Olympic Houses – the Ultimate Olympic Experience
Olympic Houses – the Ultimate Olympic Experience
Lviv Today Editor Lee Reaney was in Korea to take in all the action for our readers last month. It was his third Olympic Games and we asked him what advice he has for those looking to experience the Olympics for themselves. Here’s what he has to say.
Were you one of the many Ukrainian fans that watched electrified as Oleksandr Abramenko became Ukraine’s first male Winter Olympic champion? Did you tell yourself that you want to be there in Tokyo in 2020 when Lviv athletes like Pavlo Korostylov, Kateryna Kryva, and Stanislav Horuna aim to become Lviv’s next Olympic champions? It’s easy enough to figure out what sports you want to see, when the dates are, and how to get to there. What most Olympic first-timers aren’t aware of are the Olympic Houses – Olympic-related venues where you’ll find parties, swag, athletes, and other VIPs. There are dozens of them located across the host communities, and they tend to fall under four broad categories: party venues, tourism expos, sponsor showrooms, and ‘homes-away-from-home’.
What’s an Olympic House?
At the core, each Olympic House is designed to be a place for the Olympic family and fans to congregate. First started by the Dutch with their Holland Heineken House at the 1992 Summer Games in Barcelona, the phenomenon has exploded to over 50 in London in 2012 and nearly 20 in PyeongChang. They are a ‘home-away-from-home’ for athletes and their families, a place where fans can celebrate with their Olympic heroes, a way to travel to new parts of the world, or simply a place to party. They are found in some of the host communities’ poshest areas, like the Somerset House in London, Copacabana Beach in Rio, or the YongPyong Resort in PyeongChang. There is no better place to catch an event if you don’t have a ticket – especially if the host nation wins a medal. If you time your visit right, you might even get to see a private medal ceremony and get your picture with the winner.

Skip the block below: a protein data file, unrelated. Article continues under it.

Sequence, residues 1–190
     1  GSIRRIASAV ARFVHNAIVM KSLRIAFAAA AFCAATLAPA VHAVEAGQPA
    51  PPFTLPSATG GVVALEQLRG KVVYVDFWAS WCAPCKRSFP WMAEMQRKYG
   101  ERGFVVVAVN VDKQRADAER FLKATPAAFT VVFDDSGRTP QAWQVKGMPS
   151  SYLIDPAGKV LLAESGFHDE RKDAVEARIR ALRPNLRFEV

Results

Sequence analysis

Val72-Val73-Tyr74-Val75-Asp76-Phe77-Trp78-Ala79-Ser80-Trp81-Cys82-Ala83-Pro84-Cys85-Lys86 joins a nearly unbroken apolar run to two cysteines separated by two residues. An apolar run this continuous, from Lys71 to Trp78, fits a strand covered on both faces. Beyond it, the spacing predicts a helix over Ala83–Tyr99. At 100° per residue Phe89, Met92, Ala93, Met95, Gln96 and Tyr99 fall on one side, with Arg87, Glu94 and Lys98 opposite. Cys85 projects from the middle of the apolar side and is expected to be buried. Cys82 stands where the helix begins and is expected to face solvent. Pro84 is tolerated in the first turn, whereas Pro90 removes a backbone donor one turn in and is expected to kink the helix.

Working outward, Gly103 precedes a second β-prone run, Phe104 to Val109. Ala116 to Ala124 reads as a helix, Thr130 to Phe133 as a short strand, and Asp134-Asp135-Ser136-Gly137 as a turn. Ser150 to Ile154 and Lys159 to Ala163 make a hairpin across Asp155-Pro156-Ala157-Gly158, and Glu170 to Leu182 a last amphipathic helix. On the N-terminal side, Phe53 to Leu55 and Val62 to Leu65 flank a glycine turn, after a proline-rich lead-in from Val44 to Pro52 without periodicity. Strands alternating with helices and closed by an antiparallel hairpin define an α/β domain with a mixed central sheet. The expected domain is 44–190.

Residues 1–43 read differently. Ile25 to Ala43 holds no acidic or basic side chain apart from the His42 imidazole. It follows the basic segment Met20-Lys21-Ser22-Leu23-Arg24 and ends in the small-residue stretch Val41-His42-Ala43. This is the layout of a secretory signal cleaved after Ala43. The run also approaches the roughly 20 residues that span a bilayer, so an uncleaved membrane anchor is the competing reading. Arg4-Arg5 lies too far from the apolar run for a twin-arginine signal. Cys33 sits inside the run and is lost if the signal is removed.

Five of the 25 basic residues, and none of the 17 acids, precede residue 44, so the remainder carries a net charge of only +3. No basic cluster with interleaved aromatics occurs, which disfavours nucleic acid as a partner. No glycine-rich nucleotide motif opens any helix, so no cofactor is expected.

There are all kinds of gimmicks and giveaways at the Houses, from ski lessons at the Swiss House to eating poutine at the Canada House to staying in a hotel room at the Heineken House. Try to visit as many as possible during your visit, as some of the best stories from every Olympic experience comes from a visit, like when Dutch Olympic speedskating legend Sven Kramer and teammates injured fans during a celebration at the Heineken House or when Slovene skiers joined me for a 6:00am dip in the Black Sea after a night at the Swiss House. As their popularity increases, so too do their prices – many now have daily entrance fees. But if you’re going to the Olympics, you simply must visit the Olympic Houses.
Party Houses are sports pubs that turn into Olympic nightclubs and are one of the best places to meet other fans. You can dance with a French figure skater, down a beer with a Canadian hockey pro, or celebrate alongside an Olympic champion. Dutch medal winners are given a large plaque at the Heineken House that is passed through the crowd (called “Legendary Lane”) to be placed on a wall with other medalists, while medal winners visiting the Czech House are made to pour a pint of Czech Pilsner. More than just drinking and partying, venues organise events for visitors during the day, like dance lessons and autograph sessions.